The Gut-Brain Axis: Neurotransmitters and SIBO – Part 2 with Dr Bradley Bush

In this episode Dr Nirala Jacobi continues the conversation with Dr Bradley Bush, with a focus on case presentations around chronic SIBO cases and inflammatory concepts.

Dr Bush received his Naturopathic Doctorate degree from the National College of Naturopathic Medicine.  He is co-owner and clinic director of Natural Medicine of Stillwater and its online consumer direct website for practitioners,

The Bush practice focuses on fatigue, insomnia, GI disorders, mood disorders, and lyme disease. Dr Bush has over 16 years of industry experience. He is the owner of Natural Health Insights, providing consulting services to the naturopathic products and laboratory testing industry.

Dr Bush speaks nationally and regularly publishes on the topics of neuroimmunology, brain-gut connections, neuroendocrinology, and lyme disease.  Dr Bush sits on two non profit boards, The Naturopathic Education and Research Consortium, and Compass Centre for Health.

The format of this episode is slightly different. In it Dr Bush discusses three different SIBO cases, diving into the variability and complexity of each presentation.


Case 1 – SIBO with associated fibromyalgia and chronic fatigue – 65 y/o female.

  • Incremental approaches with complex cases.
  • The gut being the epicentre of health, without which SIBO associated presentations will not rectify.
  • Polypharmacy approach and the compounding effect of this on the patient.
  • Analysis of basic chemistry.
  • Myeloperoxidase (MPO), the enzyme secreted by neutrophils, and the indications for testing and tracking this in treatments. (MPO elevation has associations with lipopolysaccharides (LPS), chronic infections, irritable bowel disease (IBD), and immune induced leaky gut)
  • The neurotransmitter imbalances that can be sustained by chronic inflammation (hint – upregulated indoleamine dioxygenase enzyme, precipitating downregulated synthesis of serotonin, among others)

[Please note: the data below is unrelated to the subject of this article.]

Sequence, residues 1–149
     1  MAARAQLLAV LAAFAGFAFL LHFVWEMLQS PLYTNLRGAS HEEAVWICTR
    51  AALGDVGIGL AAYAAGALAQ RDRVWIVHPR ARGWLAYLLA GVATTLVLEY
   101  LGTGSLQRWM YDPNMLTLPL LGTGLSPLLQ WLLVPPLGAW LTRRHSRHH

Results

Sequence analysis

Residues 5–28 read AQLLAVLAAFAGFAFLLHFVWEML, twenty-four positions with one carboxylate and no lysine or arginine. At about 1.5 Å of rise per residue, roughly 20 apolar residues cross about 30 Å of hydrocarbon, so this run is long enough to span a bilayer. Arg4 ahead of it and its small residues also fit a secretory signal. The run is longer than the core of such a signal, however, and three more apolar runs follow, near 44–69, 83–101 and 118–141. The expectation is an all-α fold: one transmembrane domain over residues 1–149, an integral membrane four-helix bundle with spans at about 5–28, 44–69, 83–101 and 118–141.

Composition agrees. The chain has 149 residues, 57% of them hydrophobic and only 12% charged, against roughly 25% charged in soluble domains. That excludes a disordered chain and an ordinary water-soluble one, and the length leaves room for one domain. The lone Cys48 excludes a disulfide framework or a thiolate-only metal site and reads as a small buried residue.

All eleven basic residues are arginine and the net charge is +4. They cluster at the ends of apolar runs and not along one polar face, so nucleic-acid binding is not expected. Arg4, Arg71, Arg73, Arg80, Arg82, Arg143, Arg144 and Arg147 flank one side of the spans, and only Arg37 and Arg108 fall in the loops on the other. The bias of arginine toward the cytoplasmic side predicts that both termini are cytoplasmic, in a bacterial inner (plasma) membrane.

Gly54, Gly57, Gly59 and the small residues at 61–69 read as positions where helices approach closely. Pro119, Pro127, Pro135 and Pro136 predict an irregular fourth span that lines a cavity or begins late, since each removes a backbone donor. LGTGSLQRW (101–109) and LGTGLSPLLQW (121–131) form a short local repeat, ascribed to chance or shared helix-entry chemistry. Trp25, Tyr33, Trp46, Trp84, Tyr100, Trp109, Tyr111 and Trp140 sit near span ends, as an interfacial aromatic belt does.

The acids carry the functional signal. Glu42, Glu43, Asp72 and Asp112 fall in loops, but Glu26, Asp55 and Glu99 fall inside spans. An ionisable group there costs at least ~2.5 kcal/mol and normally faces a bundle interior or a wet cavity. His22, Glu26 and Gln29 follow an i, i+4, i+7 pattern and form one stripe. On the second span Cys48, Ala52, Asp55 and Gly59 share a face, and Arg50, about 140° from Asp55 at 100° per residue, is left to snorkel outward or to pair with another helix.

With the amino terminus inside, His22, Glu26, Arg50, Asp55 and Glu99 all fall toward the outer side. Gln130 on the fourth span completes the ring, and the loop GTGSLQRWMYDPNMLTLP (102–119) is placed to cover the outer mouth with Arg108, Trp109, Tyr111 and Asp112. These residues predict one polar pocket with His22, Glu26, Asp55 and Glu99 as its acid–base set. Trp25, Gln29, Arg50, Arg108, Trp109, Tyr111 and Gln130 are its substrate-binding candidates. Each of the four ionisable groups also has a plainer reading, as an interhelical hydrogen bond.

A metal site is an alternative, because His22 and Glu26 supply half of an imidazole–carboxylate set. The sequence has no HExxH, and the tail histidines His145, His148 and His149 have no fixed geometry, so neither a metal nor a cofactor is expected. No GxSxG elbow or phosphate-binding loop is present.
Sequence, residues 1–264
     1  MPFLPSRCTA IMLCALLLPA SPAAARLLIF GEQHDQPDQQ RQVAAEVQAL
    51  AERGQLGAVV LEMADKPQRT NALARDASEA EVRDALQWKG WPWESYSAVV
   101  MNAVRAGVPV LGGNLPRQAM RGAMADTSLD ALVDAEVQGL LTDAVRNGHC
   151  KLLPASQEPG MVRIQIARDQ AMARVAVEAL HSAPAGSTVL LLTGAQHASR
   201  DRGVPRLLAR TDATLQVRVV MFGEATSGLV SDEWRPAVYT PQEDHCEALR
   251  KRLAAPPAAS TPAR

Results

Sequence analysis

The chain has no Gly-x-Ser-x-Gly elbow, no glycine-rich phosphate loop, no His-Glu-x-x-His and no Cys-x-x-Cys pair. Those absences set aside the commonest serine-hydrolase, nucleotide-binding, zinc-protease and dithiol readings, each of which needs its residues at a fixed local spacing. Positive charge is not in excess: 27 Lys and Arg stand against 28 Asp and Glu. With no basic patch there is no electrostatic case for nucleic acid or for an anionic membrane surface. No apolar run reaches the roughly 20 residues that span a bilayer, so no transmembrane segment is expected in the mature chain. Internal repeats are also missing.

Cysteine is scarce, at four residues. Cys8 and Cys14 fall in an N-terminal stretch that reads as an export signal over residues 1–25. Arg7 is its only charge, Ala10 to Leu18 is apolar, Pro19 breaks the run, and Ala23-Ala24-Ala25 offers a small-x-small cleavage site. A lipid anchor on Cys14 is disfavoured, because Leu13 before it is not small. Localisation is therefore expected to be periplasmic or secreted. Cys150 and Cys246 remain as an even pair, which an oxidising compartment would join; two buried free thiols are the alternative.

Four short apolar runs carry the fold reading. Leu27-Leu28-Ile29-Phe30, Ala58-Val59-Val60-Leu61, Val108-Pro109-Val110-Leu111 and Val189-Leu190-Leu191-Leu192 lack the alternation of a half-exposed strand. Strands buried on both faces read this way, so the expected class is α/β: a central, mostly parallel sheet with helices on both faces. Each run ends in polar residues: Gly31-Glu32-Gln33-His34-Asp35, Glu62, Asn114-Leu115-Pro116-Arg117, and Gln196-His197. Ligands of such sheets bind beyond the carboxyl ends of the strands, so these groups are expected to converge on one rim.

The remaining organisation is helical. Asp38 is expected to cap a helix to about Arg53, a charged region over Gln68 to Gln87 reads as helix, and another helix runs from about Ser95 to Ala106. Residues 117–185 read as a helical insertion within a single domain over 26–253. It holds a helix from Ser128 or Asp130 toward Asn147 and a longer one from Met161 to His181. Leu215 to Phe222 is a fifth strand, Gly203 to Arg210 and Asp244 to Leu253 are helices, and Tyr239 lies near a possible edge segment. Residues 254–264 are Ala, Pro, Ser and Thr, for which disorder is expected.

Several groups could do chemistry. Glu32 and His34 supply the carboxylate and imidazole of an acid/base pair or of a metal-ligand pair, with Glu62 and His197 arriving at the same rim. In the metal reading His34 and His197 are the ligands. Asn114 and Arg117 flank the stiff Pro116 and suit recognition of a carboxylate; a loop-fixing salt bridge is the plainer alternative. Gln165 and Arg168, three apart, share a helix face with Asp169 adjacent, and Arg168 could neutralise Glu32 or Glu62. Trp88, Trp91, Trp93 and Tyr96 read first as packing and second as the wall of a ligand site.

• Yeast association with SIBO.
  • Weaning off polypharmacy.
  • Metronidazol for rifaximin resistant SIBO, and C. diff.
  • An indication on how many rounds of rifaximin are required to attend to chronic versus acute SIBO.
  • Eating disorders prompted by therapeutic diets taken on for too long.
  • Botanicals vs conventional medicine for SIBO treatment, or a combination use approach?
  • Probiotic use as immunological modulators rather than massive impactors for floral diversity in the GI microbiome.
  • Botanicals that Dr Bush uses in SIBO treatment.
  • Mediherb gut flora complex – immune regulating capability, IBD modulation, mucosal affinity.
  • Dr Nirala Jacobi’s therapeutic recommendation – Mediherb Bacto-Cand GI.


Case 2 – SIBO with associated constipation, acne, halitosis – 20y/o male

  • Traumatic brain injury due to sporting event.
  • Tricyclic antidepressant therapy introduced in his recovery plan and his subsequent experience of anxiety and spacey feelings.
  • Naturopathic neurotransmitter production therapy alongside conventional antidepressant use.
  • Serotonin syndrome and the potential for it to be induced by dual therapy use.
  • Methane Protocol – rifaximin and neomycin combination for methane dominant SIBO treatment.
  • Anxiety caused by SIBO, key indications being:
    • Treatment resistant anxiety
    • Treatment resistant insomnia
  • Anxiety as a manifestation resultant of SIBO chemicals interrupting neurotransmitter signalling.


Case 3 – Lyme and SIBO – 25y/o female

  • Chronic fatigue, constipation, bloating, neuralgia, catatonic staring episodes.
  • Lyme testing.
  • The effectiveness of the paleo diet for symptomatic control, noting that the issue still exists, even though the bugs are simply not being fed and therefore symptoms abating.
  • SIBO as a concomitant condition with Lyme, and/or as a condition that can mimic the various presentations of Lyme.
  • The Lyme/SIBO overlap as discussed by Dr Farshid Rahbar at the 2017 SIBO Integrative Conference, and the methane association.
  • The clinically noted neuralgia and methane dominance link.
    • Methane endotoxins produced by SIBO bacteria theorised to contribute to neuralgia.
  • Constipation and methane dominance perpetuating each other.
  • Methane dominant SIBO moving from constipation to diarrhoea during treatment and why this can occur.



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